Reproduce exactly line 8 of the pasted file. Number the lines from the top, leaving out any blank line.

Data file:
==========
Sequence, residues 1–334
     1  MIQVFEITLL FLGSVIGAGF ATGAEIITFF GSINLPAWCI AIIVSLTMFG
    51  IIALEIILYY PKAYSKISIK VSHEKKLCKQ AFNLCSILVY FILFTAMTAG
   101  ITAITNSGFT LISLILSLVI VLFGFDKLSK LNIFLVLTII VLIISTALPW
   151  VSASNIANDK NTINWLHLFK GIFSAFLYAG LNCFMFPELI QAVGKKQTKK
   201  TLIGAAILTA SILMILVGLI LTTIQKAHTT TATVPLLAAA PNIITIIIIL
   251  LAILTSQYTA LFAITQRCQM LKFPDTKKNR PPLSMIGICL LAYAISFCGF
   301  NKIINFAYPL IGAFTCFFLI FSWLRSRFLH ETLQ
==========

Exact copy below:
   301  NKIINFAYPL IGAFTCFFLI FSWLRSRFLH ETLQ